(14) Soft drinks--Carbonated and non-carbonated non-alcoholic beverages that contain natural or artificial sweeteners. The term does not include beverages that contain milk or milk products, soy, rice, or similar milk substitutes, or juices that contain more than 50% vegetable or fruit juice by volume.

(b) Sales of exempt food products or water. Food and food ingredients are exempt from sales tax unless otherwise taxable under subsection (c) of this section. Water is exempt as explained in §3.318 of this title (relating to Water-Related Exemptions). Heated and unheated bakery items are exempt regardless of size or quantity unless sold with plates or other eating utensils provided by the seller. Separately stated charges for bakery items sold by caterers, mobile vendors, or restaurants, fast food outlets, lunch counters, cafeterias, delis, hotels, and other like places of business, are taxable if sold in conjunction with taxable meals for which plates or other eating utensils are provided. For example, a roll served in a restaurant with a meal is taxable even if the roll is served rolled up in a napkin rather than directly on the plate. The restaurant is not required to collect sales tax on bakery items purchased without eating utensils from its bakery.

(c) Taxable sales. The following are subject to sales tax:

(1) sales of soft drinks;

(2) sales of candy;

(3) sales of ice;

(4) sales of beer, wine, and other alcoholic beverages unless subject to mixed beverage gross receipts tax and mixed beverage sales tax under Tax Code, Chapter 183;

(5) sales of cigarettes and other tobacco products;

(6) vending machine sales of food, soft drinks, and candy as explained in subsection (d) of this section;

(7) sales of prepared food as defined in subsection (a)(11) of this section, including:

(A) all food ready for immediate consumption, except bakery items, sold by caterers, mobile vendors, or restaurants, fast food outlets, lunch counters, cafeterias, delis, hotels, and other like places of businesses; and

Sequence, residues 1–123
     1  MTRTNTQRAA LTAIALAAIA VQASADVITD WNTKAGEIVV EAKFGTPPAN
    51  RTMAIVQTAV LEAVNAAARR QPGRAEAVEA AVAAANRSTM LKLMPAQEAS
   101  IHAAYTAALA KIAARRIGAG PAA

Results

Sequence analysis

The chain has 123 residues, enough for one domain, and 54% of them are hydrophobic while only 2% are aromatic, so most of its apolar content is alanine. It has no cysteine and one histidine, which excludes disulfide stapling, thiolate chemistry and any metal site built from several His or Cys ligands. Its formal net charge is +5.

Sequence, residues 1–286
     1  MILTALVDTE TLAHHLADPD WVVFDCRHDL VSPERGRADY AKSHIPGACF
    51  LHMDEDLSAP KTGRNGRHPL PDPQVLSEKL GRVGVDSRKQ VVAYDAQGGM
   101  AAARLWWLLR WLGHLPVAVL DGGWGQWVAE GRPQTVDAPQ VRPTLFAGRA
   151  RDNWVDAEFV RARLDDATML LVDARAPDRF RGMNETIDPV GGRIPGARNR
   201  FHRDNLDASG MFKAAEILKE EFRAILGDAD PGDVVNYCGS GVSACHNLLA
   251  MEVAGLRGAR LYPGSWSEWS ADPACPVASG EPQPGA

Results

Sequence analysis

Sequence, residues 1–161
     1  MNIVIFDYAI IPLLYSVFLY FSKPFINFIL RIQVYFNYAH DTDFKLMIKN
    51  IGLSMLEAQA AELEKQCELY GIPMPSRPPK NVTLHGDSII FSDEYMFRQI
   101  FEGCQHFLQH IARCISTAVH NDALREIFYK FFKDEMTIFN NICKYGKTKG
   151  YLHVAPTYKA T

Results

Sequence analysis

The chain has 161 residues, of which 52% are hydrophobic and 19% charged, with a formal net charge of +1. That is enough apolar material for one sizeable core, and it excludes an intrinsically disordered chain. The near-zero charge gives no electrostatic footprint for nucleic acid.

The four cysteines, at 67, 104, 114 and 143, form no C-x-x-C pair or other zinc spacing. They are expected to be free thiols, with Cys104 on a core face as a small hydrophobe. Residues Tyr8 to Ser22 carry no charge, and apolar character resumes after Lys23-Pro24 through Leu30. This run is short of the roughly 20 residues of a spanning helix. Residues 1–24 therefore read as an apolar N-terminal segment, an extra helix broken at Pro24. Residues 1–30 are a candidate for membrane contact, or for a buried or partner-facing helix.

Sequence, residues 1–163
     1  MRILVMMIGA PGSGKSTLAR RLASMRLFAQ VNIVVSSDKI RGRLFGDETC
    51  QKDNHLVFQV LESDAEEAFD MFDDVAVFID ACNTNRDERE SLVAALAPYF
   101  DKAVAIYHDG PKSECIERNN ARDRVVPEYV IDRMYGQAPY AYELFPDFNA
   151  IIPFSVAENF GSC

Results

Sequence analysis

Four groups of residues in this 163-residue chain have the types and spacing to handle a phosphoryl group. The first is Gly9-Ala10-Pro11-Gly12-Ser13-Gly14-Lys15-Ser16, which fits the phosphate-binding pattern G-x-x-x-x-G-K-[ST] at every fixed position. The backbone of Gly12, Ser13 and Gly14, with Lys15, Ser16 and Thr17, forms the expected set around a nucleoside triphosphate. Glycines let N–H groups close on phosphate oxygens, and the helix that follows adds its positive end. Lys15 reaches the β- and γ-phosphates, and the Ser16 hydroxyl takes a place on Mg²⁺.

(B) all sandwiches ready for immediate consumption, including refrigerated triangle-type sandwiches such as ham, cheese, tuna, egg salad, or chicken salad, but not sales of sandwiches that are frozen or partially frozen and that require thawing or heating by the customer prior to consumption;

(8) sales of bakery items sold with plates or other eating utensils provided by the seller; and

(9) sales of snack items sold in individual-sized portions.

(A) A snack item is sold in an individual sized-portion if the snack item:

(i) is labeled as having not more than one serving; or

(ii) contains less than 2.5 ounces.

(B) Snack items do not include items sold in prepackaged units containing more than one package. For example, a box containing 6 prepacked, single-serving bags of nuts is not a snack item.

(d) Vending machine sales. Except as provided in subsection (e) of this section, food, candy, and soft drinks sold through vending machines are taxable. The sales tax is determined as follows:

(1) Soft drink and candy vending machine sales. The vending machine operator must remit sales tax on the total gross receipts from sales of soft drinks and candy without any deduction for spoilage, waste, or other losses.

(2) Food product vending machine sales. The vending machine operator must remit sales tax on 50% of the total gross receipts from sales of food products without any deduction for spoilage, waste, or other losses. Examples of food products include snack items, milk, tea, coffee, and juice if more than 50% vegetable or fruit juice by volume.

(3) Water, including bottled water, spring water, sparkling water, or mineral water, is exempt from sales tax. A vending machine operator is not required to remit sales tax on the receipts from sales of water. Flavored water (carbonated or non-carbonated) is a soft drink and a vending machine operator must remit tax on the total gross receipts for vending machines sales of flavored water.

(4) A vending machine operator must place a sign on the vending machine stating that the vended price includes sales tax. If sales tax is included in the price of the taxable item, the vending machine operator may back out the amount of the tax before reporting the taxable sales on the sales tax return. See §3.328 of this title (relating to Optional Reporting Methods for Grocers and Other Vendors).

(e) Exempt vending machine sales.